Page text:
Now Is Not The Time For A Retail CBDC, Singapore Says

November 10, 2021
On balance, the case for a retail central bank digital currency (CBDC) in Singapore is not urgent, the Monetary Authority of Singapore has said in a new research paper.

On balance, the case for a retail central bank digital currency (CBDC) in Singapore is not urgent, the Monetary Authority of Singapore (MAS) has said in a new research paper.

“For a subject that has attracted much attention, there are neither strong reasons for or against a retail CBDC in Singapore,” Ravi Menon, the managing director at MAS has told an audience at Singapore’s Fintech Festival.

Physical cash is likely to be predominant for quite some time more, so the need for a digital version of cash is moot at this point, he continued.

This is in spite of the regulator’s CBDC report showing a noticeable decline in cash use in recent years, which has been amplified due to COVID-19.

Use of cash at point-of-sale transactions fell to 26 percent of total transactions in 2020, from 37 percent in 2019, according to the MAS. Although it is worth noting that cash statistics used by the MAS are not official numbers, but taken from estimates used in the Worldpay Global Payments report. ATM usage also declined significantly during the same period.

Although 2020 data is not available, the total value and volume of cashless transactions in Singapore had a compound average growth rate (CAGR) of 11.2 percent and 4.7 percent respectively per annum between 2015 and 2019, according to the Bank for International Settlements.

However, beyond the decline in cash use, there are other factors making a case for why a country may want to issue a CBDC, such as financial inclusion. This was a key driver behind the decisions of Nigeria’s central bank to issue an e-Naira.

According to Menon, however, the financial inclusion benefits of a digital Singapore dollar are not compelling. “A high proportion of Singaporeans have bank accounts and electronic payments in Singapore are pervasive, highly efficient, and competitive,” he said.

According to Tharman Shanmugaratnam, the minister responsible for the MAS, in a 2020 parliamentary response: “It is estimated that over 98 percent of Singapore residents have bank accounts.”

“The issuance of a retail CBDC is ultimately a socio-economic rather than monetary consideration,” he said, adding that moving to a fully cashless society with all money in the form of bank deposits will not make a significant difference to the conduct of monetary policy.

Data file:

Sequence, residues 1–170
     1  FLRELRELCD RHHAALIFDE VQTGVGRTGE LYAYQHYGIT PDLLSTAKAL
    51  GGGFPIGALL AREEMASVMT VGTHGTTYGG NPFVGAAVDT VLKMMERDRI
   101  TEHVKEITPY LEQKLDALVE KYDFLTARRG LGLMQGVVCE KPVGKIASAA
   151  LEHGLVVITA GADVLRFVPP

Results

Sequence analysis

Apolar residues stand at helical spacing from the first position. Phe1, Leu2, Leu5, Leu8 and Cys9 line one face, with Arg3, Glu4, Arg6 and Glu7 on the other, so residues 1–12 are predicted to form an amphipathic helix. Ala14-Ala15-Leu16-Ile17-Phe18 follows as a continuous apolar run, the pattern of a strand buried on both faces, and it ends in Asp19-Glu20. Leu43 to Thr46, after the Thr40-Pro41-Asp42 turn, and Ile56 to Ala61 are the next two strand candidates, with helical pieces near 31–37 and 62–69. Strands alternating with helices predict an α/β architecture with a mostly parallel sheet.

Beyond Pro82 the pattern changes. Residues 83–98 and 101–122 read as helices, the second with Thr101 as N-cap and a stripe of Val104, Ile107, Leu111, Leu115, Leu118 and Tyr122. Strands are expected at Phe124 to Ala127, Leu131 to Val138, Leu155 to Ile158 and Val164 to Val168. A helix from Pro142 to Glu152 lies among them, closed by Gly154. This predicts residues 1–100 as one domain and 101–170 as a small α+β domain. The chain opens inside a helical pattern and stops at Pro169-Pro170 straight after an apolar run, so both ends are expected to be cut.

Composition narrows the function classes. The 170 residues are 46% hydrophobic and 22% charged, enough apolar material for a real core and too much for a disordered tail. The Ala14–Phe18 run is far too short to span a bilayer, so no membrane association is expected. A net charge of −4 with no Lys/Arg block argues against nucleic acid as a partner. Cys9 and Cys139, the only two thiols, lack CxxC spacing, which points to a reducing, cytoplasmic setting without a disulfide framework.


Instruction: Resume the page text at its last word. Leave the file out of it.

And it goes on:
Rather, the question is whether the public is comfortable with holding only bank deposits and whether there is public demand for a state-issued currency that is as safe as cash but in digital form, he pointed out.

The digital payment system in Singapore is already very efficient and low cost and even free for person-to-person transfers, so it is not a high priority to pursue retail CBDC, unlike a wholesale CBDC, said Chia Hock Lai, co-chairperson of Singapore’s Blockchain Association.

“Having said that, once asset tokenisation becomes more pervasive, which is still a few years away, then issuing a retail CBDC might make a lot more sense as it becomes possible to complete deliver vs. payment automatically, hence MAS is still pressing on to build the capability,” he told VIXIO, commenting on the paper.

Menon was also unperturbed by possible currency substitution by foreign digital currencies, dismissing it as a “remote tail risk at this point”.

Payments players in South East Asia previously told VIXIO earlier this year that the prospect of a digital yuan, currently in the trial phase in China, has spurred more interest than private initiatives such as Facebook’s Diem.

China’s CBDC, otherwise known as the e-CNY, is continuing to gather momentum among the country’s 1.4bn population as the trial rollout continues. Some 140m people had opened wallets for China's new digital yuan as of October and used it for transactions totalling 62bn yuan (£7.2bn).

In spite of this, Hock Lai was in agreement with Menon. “It is too early to tell at this point as there are multiple considerations and each ASEAN [Association of South-East Asian Nations] country has its own unique considerations when rolling out their own CBDC,” he said.

“ASEAN countries are more likely to release their own CBDCs for other reasons such as financial inclusion than because of China's digital yuan.”

Next steps

CBDC enthusiasts and sceptics alike would be wrong to anticipate the Singaporean government and its supervisory authorities completely writing off the prospect of a mass-usage Singaporean digital currency.

“MAS recognises that there could be potential benefits offered by innovative retail CBDC solutions in the future,” said Menon.

For this reason, the financial regulator is embarking on Project Orchid. This will build the technology infrastructure and technical competencies necessary to issue a digital Singapore dollar, should Singapore decide to do so in future.

The MAS will pursue Project Orchid in close partnership with the private sector, Menon confirmed, adding that it will draw expertise from the Global CBDC Challenge, whose finalists are due to be announced at the Fintech festival this week.

Participants include Bitt, which has aided the Eastern Caribbean Currency Union and Nigeria in its CBDC plan, as well as Giesecke+Devrient, a German currency company that, among other things, is working with the Bank of Ghana on its development of a CBDC.

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